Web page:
A year ago, a neighborhood child was killed in a horrific accident while engaged in a traditional childhood activity. The child deserves a story, but it is not mine to tell.
What is mine is the single, deflated green balloon I saw in the Taco Bell parking lot a week later. I could dress up this event, but I believe that deflated, discarded balloons are inherently sad: capturing the act of one person devoting a portion of their life to the creation of a joyous moment for another and the passage of that moment to time. A deflated green balloon in a parking lot is, therefore, sad enough for our purposes and we proceed into the store.
We pass over the luxury of choosing to walk into a store to casually glance at the menu: the moments of joy or sadness spurred by the carousel of Big Box meals, which at the time was of no particular importance and has already occupied more time now than it did then, and focus instead on a small table in the back corner of the dining area, with a sign on the front and green balloons taped to it. It has the look of a small, makeshift hiring table, the kind restaurants sometimes used for hiring events in corners such as that one, and my mind – and yours, unless you have successfully observed the tenor of my description – concludes that it was, indeed, a hiring table for an event not-long past. As I have no interest in interviewing for a position at Taco Bell, let alone manufacturing a process by which I can travel backwards in time to attend a hiring event that has passed into memory, I note it in case you have both the desire and creative talents and turn our attention to the screens above the cashier. I order.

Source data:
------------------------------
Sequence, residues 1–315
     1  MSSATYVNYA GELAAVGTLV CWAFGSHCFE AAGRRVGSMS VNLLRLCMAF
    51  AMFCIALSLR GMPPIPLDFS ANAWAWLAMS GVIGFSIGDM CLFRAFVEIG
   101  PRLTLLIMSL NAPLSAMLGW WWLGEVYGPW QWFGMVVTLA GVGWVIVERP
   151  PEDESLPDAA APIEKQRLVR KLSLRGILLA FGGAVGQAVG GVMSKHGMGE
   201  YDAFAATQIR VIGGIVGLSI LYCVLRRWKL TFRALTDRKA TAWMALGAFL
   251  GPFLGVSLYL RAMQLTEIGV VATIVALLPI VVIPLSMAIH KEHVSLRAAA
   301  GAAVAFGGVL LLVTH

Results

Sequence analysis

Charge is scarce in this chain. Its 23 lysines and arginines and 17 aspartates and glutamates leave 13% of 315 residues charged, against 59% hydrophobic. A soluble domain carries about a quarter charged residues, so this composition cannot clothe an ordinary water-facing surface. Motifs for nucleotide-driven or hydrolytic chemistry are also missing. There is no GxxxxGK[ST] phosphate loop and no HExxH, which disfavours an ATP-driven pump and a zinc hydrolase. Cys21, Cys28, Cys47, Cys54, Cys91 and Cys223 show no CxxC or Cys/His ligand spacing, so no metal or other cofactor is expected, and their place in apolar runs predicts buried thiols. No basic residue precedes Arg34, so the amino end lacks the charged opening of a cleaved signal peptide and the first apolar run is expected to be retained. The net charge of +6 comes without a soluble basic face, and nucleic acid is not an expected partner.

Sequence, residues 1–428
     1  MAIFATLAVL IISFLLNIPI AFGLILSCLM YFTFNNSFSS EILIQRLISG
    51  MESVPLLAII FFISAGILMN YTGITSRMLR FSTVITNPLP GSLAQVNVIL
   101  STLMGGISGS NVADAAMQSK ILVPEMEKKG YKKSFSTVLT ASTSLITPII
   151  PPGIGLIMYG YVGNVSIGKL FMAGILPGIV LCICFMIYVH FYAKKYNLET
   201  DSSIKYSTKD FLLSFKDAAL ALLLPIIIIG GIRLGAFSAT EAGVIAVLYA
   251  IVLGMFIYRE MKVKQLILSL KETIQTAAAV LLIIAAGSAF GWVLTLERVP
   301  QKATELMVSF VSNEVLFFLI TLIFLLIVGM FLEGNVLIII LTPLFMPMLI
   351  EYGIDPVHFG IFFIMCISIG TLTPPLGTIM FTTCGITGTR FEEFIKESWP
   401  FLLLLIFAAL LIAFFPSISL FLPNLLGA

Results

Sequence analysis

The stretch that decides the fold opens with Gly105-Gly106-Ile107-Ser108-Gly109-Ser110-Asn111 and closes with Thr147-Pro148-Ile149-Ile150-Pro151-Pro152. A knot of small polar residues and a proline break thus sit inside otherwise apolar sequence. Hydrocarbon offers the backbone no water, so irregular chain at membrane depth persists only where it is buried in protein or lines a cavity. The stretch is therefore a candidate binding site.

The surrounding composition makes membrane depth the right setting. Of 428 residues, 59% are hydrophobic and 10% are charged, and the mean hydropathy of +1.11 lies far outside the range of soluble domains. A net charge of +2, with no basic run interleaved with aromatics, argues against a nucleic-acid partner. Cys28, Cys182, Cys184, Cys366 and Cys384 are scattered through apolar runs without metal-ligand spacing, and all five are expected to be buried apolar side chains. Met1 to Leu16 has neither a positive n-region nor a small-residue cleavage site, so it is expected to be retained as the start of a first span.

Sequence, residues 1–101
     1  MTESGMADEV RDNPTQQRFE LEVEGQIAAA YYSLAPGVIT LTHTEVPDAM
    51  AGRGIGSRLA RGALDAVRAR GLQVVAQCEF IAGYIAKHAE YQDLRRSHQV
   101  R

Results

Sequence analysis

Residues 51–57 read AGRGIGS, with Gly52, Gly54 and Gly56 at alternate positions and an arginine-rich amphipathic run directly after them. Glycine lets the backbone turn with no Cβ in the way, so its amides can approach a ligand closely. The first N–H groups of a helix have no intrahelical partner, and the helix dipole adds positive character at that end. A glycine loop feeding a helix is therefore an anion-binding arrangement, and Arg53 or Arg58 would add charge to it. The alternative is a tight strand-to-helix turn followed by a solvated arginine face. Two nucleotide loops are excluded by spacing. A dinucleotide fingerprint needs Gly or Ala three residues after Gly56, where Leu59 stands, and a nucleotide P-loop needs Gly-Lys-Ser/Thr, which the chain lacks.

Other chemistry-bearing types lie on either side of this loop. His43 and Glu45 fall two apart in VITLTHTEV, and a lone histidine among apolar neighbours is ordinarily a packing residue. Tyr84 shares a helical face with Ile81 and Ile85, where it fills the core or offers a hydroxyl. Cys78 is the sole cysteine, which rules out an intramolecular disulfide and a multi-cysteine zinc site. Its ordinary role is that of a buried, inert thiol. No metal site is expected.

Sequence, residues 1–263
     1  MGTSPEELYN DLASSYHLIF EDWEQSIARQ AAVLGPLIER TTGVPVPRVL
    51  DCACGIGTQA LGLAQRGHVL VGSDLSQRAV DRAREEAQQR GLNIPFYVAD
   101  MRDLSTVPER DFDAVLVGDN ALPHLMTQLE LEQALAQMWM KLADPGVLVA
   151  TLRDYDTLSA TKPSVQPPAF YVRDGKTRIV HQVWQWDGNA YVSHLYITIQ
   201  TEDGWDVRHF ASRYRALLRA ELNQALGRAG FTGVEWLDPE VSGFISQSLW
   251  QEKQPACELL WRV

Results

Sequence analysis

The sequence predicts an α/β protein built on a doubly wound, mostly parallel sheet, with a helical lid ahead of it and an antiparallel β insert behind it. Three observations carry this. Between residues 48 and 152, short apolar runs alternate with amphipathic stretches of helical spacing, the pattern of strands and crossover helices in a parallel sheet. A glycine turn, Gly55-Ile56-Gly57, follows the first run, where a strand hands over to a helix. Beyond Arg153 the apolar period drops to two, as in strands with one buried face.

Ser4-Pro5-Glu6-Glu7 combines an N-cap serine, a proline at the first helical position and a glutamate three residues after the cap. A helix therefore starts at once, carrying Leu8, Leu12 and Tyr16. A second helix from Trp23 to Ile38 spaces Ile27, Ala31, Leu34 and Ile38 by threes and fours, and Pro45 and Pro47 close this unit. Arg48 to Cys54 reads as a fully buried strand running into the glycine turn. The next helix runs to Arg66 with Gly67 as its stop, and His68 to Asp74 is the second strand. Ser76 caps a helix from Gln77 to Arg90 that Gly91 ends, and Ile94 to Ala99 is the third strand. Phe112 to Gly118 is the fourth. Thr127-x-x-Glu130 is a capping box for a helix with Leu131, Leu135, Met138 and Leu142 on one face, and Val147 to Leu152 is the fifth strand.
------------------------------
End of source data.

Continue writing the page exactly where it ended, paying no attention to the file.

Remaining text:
The made-to-order meals take longer than may be necessary under optimal conditions, as the limited staff are both engaged in conversations that are more interesting to them than adding copious amounts of “cheese” to cardboard boxes filled with tortillas and tortilla-based products. One is chatting with friends seated 20 feet away about graduation parties and college, one of the few conversations among teenagers that I can understand given how little it has changed in the decades since I was a part of them myself. And the other is admiring an off-shift coworker’s beautiful baby, whose father was actively involved in his child’s life until police arrested him for a drug offense, a crime that they speak of in a manner that would disqualify them as witnesses for his defense. Aware that I am now waiting out at least one of two conversations into which I am too old to listen, I turn my attention back to the table in the corner and bring your attention with me, trusting my instinct that you are also too old for such conversations.
While it may not surprise you to see the hiring table’s sign emblazoned with a large picture of the child whose story is not mine to tell, it is a surprise to me at the moment I am reliving with you. His is a face I saw here and there about our small town, but one I had not expected to see again, lacking the benefit of a narrator’s foreshadowing. And there it was, surrounded by abandoned green balloons of varying sizes consistent with the inconsistency of their production and earnest conversations about life in a quiet corner of a Taco Bell.
My thoughts in that moment are still raw, so I will not serve them to you. But after getting the order, we leave the store, you and I, and, as before, the green balloon rests deflated on the ground. I feel compelled to pick it up as if affording some small courtesy to this object will ease my suffering of this family’s pain, but I cannot touch it. I cannot risk a physical connection – however indirect – to a tragedy that I need to keep surreal.
Sunshine can be followed on Twitter @MikeLuketich.